In the above cases, I feel it is down to the individual to do what is best for them, but that doesn’t mean there aren’t overarching moral truths that apply to everyone.  Murder is wrong, but self-defense is typically seen as fair and at minimum a less punishable act.  Within certain cultures people have been deemed less-than-human but murder remains illegal.  Some believe enjoying media with magic in it is wrong, while others do not.  This is an example of where morality is somewhat relative, while there are things should all agree on are wrong like murder, thievery, and slavery.

The Strange World

The orange and green sphere gradually enlarged before the woman’s cockpit.  She pulled down on the throttle, and the whine of the engines subsided to a barely audible din. “There it is, finally,” she breathed, shifting in her seat. “Hopefully the air is breathable, I need to stretch my legs.”  The triangular wing of her craft reflected the nearby star’s light, into her face.  The woman raised her hand to shield her eyes while she arced her vehicle so the light wasn’t as much of a problem.

“That has to be a body of water,” she changed the direction the craft was heading again toward a blue-green stain on the sphere.  The star ship’s pointed nose arced down through the atmosphere, flames licked the black shiny hull of the vehicle, the woman eyed the orange and red tongues, but her face remained unchanged.  “Just a little further,” she whispered as the ship started to rattle violently, fire now filled the view port’s exterior.  The woman pressed a series of small buttons on the left control panel before her and a blue mist sprayed the exterior of the view port and the flames died down enough for her to loose a short sigh.

The pilot set the ship down at the edge of the lake.  Its green liquid sloshed against dark gray, nearly black sand. She unbuckled the seat harness and depressed a glowing button five feet down from the cockpit, placing a breath mask over her face.  The woman pulled out a white, thin, square, device with a five-inch glass screen.  She pressed a button on the side and the device lit up.  “At least the air isn’t toxic, but it’s barely thick enough to breath,” she said, removing the mask. “But the water isn’t really water, great.”  The woman then pulled out some thick gloves from her pocket and put them on.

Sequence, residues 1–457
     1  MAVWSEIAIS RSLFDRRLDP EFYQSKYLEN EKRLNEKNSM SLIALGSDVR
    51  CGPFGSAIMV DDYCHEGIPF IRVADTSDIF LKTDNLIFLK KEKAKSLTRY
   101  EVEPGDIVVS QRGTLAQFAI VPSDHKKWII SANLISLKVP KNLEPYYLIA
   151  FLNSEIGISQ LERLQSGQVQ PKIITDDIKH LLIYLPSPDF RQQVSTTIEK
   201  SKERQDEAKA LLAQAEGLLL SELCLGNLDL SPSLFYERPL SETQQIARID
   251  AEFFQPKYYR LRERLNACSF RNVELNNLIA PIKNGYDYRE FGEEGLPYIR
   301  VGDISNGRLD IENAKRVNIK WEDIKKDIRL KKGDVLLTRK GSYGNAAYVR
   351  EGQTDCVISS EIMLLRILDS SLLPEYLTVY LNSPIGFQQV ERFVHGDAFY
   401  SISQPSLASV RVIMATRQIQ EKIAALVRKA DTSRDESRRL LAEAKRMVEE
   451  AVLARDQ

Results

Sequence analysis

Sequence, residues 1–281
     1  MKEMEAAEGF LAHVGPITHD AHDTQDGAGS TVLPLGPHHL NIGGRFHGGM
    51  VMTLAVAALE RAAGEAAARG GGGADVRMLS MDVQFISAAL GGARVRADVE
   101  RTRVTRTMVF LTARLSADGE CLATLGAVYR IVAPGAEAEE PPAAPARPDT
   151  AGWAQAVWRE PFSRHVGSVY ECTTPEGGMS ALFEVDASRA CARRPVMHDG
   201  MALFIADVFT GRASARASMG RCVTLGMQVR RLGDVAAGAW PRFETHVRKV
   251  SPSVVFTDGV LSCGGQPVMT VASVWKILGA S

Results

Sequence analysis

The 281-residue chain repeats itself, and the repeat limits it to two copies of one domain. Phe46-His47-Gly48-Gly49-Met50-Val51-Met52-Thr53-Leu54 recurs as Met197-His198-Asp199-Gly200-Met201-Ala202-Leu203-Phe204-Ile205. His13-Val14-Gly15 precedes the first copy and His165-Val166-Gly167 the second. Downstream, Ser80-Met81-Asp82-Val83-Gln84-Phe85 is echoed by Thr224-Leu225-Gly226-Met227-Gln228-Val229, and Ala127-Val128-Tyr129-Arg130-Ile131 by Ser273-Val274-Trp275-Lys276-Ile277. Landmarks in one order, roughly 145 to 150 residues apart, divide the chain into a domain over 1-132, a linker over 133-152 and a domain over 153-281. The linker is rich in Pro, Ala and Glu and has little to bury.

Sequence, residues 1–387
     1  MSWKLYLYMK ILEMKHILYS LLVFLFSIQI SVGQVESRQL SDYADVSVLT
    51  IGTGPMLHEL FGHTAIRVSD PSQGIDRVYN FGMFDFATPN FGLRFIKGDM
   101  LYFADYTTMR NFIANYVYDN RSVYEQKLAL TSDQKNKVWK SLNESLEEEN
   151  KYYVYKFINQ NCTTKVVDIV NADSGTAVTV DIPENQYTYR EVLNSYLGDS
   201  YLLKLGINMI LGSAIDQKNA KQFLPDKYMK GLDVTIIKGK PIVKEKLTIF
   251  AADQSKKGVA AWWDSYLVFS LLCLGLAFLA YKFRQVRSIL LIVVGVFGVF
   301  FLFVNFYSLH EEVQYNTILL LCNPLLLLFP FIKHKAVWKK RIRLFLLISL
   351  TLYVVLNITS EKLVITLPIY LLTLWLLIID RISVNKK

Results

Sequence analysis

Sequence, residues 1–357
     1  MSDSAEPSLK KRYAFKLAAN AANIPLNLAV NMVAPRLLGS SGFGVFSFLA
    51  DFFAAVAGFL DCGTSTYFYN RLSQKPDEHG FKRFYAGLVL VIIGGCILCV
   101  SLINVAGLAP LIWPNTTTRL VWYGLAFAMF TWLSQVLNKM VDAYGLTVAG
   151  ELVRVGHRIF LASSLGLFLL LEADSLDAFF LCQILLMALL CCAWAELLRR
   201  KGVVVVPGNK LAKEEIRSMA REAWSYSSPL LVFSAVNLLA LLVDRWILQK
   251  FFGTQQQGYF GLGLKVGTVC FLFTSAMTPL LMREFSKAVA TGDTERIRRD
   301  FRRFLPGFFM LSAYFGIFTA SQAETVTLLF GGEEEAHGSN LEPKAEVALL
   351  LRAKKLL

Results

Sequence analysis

Even being on the day side of the planet, three moons were still clearly seen in the sky, one of which was a deep, rust red, giving an eerie glow in the already yellow-tinted atmosphere.  She walked to the edge of the liquid body, holding her instrument in front of her. “Water, methane, and an unknown substance,” she read off the readings that showed up on her device. “That isn’t exactly what I was hoping for, oh well, I guess it’s time to leave.”

There was a ripple in the water, the woman stared, watching, waiting, then as she was about to turn there was another, this time larger than the last. “I’m not sticking around to find out what caused that,” she uttered, running back to the ship.  Before she could arrive at the vessel, a loud growling, howl echoed.  The astronaut spun around, and saw it.  A black mass, with four clawed legs, propelled it out of the water.  The alien creature’s body reminded the astronaut of a slug or worm, it was long and segmented, yet looked like it had armored plates haphazardly stitched to its sides, reminding her of a patchwork amateurish art.  The alien’s face was a canine-like snout with rows of square teeth that looked like hatchets protruding from its gums.  Seven spines awkwardly poked up from its spine and the tips bent slightly before ending in a blunt end.  She withdrew a small laser pistol, knowing the weapon was unlikely to do much to defend herself.  The astronaut fired her weapon, and the bolt struck the creature in the side, it howled in pain, and charged at her.

Realizing shooting the alien beast wasn’t a wise idea, she dove to the side, just before the creature was about to trample over her.  The alien now stood between her and the ship. “Don’t’ step backward and damage my hull, I don’t want to be stranded here,” the woman shouted as if the beast could understand her.

She fired off a few more shots, and the creature lumbered toward her, swiping at a tree-like plant that reminded her a little of celery. The plant crashed down, causing a crevice in the soft ground, but fortunately it missed the astronaut and her craft.  The woman pulled the trigger three more times, aiming for the alien’s head, two missed and the last one hit it in the snout.  The beast stared her down then leapt up and its hook claws tore through her suit, blood dribbled down her arm.  She pulled the trigger on her weapon again, but nothing happened, a soft beep sounded from her weapon noting the charge was low.  She holstered the pistol, eyes darting around, looking for a suitable weapon of some kind.  There was nothing, save for a few rocks which would hardly work to defend herself.  She gritted her teeth together, grabbed the heaviest rock she could find and hurled it at the alien.  The rock thudded into the ground, completely missing the target.  Unsurprised, but grateful the distraction the rock provides, she bolted for the ship, opened the door and quickly sealed herself inside before the thing outside knew what happened.  It screamed and hollered in anger, madly searching for her, but its cries were answered by the roar of the ship’s engines.

She pressed a series of buttons and grabbed the craft’s yolk, blasting off to the safety of space leaving the creature behind confused and upset.